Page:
At this point, the voice control and multitasking functions that are meant to really set the Xbox One apart are just shy of being good enough to really push the system over the top. They’re nice conveniences, to be sure, but there are enough kinks in the execution to limit their effectiveness. Even if those are smoothed out with future updates, it’s unclear that these features are worth $100 (though that reason is separate from any compelling exclusive games or visual/computational powerhouses).”
Complex (Michael Rougeau)
“When all the disparate pieces come together the Xbox one is extremely impressive. You’ll be pleased with the new Kinect when you’re playing a game and want to look something up on the internet and you can snap Internet Explorer to one side while continuing to play, or when you want to check whether a TV show has started yet without interrupting your movie on Netflix.
Even without the snap feature, switching between apps on Xbox One is incredibly easy and painless. That’s one of the things that helps realize Microsoft’s vision for an all-in-one living room machine. With no delays and few hiccups, it’s easy to use the Xbox One for everything. You’ll want to, even.”
Time (Matt Peckham)
“Let’s talk price, because the Xbox One is $100 more than Sony’s PS4. At $500, no games included, it puts Microsoft in PS3 launch price territory – an unenviable position back in 2006.
But this is 2013, and $500 happens to be the cost of an entry-level iPad, a tablet Apple’s sold 170 million of in less than three years time. That, and $500 buys you more than a souped-up gaming portal: the Xbox One is a content assimilation engine, a vanguard move into a market the competition’s still toying around in by comparison. It’s an immature, somewhat glitchy content assimilation engine at this stage, sure, and it shares the PS4â€²s launch game weaknesses if you’re coming at it from the gaming side, but if you’re an early adopter or you’re already invested in Xbox Live’s social ecosystem, think of it as the jumping off point for a fascinating experiment. If it’s successful – and I’m not saying it will be; ask me again in four or five years – it has the potential to change everything about TV and streaming media and the living room as we’ve known it for decades.”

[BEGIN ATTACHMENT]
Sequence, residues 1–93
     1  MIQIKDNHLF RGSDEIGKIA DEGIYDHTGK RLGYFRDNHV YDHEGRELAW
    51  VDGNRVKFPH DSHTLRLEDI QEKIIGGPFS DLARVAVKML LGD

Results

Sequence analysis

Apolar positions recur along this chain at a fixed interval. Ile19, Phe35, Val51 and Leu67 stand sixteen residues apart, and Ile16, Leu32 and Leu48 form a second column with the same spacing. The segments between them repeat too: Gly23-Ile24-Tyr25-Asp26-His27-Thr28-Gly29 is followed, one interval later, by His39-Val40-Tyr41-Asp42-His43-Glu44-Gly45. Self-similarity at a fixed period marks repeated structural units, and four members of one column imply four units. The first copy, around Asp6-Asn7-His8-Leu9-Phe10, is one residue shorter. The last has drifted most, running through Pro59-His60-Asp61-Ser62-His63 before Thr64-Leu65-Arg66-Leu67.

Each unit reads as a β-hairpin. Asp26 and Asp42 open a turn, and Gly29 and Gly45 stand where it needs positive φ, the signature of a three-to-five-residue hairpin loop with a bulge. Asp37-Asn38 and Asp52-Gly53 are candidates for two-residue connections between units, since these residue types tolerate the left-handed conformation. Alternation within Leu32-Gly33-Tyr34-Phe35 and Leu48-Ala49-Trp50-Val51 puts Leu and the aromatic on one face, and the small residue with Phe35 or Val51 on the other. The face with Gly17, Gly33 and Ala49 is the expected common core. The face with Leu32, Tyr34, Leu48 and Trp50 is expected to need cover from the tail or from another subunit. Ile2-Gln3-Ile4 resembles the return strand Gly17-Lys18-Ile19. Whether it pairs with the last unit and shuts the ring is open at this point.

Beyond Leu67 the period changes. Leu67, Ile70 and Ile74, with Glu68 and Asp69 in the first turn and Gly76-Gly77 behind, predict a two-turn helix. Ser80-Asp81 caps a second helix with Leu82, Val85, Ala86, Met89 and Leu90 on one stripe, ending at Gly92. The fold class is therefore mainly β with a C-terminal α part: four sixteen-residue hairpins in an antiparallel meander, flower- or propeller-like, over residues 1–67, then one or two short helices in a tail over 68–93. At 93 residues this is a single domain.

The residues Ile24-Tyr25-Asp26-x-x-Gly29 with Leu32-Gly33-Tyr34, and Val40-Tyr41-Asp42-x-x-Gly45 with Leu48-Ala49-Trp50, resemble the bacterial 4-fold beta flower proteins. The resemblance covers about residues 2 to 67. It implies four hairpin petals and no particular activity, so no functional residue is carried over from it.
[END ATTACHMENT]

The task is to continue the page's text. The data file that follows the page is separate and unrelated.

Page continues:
Through browsing the reviews, it is clear to see that Microsoft is trying to create something that is more than its competitors. The console has its sights set higher than either the PlayStation 4 or Wii U. Microsoft is trying to bring together a console that ties together the entire living room. While the PlayStation 4 is endeavoring to be the best games console, Microsoft is trying to create a technological revolution in the ilk of the iPhone.
That isn’t to say that it isn’t a great games console as well. While it varies as to which is better, both the Xbox One and PlayStation 4 launch libraries are comparable. While it seems like the Xbox One certainly has some rough edges that it needs to iron out, it has the potential to be a wonderful device.
Xbox One hits store shelves November 22, 2013.